A land of laws decays almost imperceptibly into a land of legalisms, which is why America has 50 percent of the world’s lawyers. Like most of his colleagues, lifetime legislator John Conyers (a congressman for 47 years) didn’t bother reading the 2,700-page health-care bill he voted for. As he said with disarming honesty, he wouldn’t understand it even if he did: “They get up and say, ‘Read the bill.’ What good is reading the bill if it’s a thousand pages and you don’t have two days and two lawyers to find out what it means after you read the bill?”
It would be churlish to direct readers to the video posted on the Internet of Representative Conyers finding time to peruse a copy of Playboy while on a commuter flight to Detroit. So let’s take him at his word that it would be unreasonable to expect a legislator to know what it is he’s actually legislating into law. Who does read the thing? “What happened to the Eighth Amendment?” sighed Justice Scalia the other day. That’s the bit about cruel and unusual punishment. “You really want us to go through these 2,700 pages . . . ? Or do you expect us to give this function to our law clerks?”
He was making a narrow argument about “severability” — about whether the Court could junk the “individual mandate” but pick and choose what bits of Obamacare to keep. Yet he was unintentionally making a far more basic point: A 2,700-page law is not a “law” by any civilized understanding of the term. Law rests on the principle of equality before it. When a bill is 2,700 pages, there’s no equality: Instead, there’s a hierarchy of privilege micro-regulated by an unelected, unaccountable, unconstrained, unknown, and unnumbered bureaucracy. It’s not just that the legislators who legislate it don’t know what’s in it, nor that the citizens on the receiving end can never hope to understand it, but that even the nation’s most eminent judges acknowledge that it is beyond individual human comprehension. A 2,700-page law is, by definition, an affront to self-government.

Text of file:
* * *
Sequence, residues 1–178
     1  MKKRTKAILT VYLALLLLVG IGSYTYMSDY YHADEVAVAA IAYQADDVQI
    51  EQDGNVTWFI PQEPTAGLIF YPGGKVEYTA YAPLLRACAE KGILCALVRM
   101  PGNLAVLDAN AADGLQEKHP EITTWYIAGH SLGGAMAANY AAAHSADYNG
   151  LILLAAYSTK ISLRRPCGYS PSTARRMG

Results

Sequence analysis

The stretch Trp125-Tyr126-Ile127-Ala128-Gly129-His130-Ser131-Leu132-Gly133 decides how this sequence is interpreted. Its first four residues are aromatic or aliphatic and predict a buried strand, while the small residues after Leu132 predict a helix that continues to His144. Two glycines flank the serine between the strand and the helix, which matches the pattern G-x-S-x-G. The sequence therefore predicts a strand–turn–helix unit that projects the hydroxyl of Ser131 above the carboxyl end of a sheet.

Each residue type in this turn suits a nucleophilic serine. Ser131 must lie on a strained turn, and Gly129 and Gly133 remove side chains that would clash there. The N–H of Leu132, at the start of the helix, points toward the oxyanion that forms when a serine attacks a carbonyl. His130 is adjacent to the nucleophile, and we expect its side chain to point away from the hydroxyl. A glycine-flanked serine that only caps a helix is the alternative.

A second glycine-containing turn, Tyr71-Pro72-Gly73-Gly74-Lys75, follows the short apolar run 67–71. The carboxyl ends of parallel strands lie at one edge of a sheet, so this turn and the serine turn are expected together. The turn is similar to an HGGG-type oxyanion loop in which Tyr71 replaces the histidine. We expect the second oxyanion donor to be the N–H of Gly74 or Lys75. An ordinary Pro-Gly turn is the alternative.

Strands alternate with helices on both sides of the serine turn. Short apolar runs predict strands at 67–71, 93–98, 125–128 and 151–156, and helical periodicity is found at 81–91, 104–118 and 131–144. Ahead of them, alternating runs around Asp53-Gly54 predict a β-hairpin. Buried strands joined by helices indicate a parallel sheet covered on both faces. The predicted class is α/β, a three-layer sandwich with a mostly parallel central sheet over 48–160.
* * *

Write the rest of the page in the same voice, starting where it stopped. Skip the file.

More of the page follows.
If the Supreme Court really wished to perform a service, it would declare that henceforth no law can be longer than, say, 27 pages — or, at any rate, no longer than the copy of Playboy Congressman Conyers was reading on that commuter flight.
C’mon, Justice Kennedy. Obamacare v. Playboy: It would be a decision for the ages — and an act of bracing constitutional hygiene.
— Mark Steyn, a National Review columnist, is the author of After America: Get Ready for Armageddon. © 2012 Mark Steyn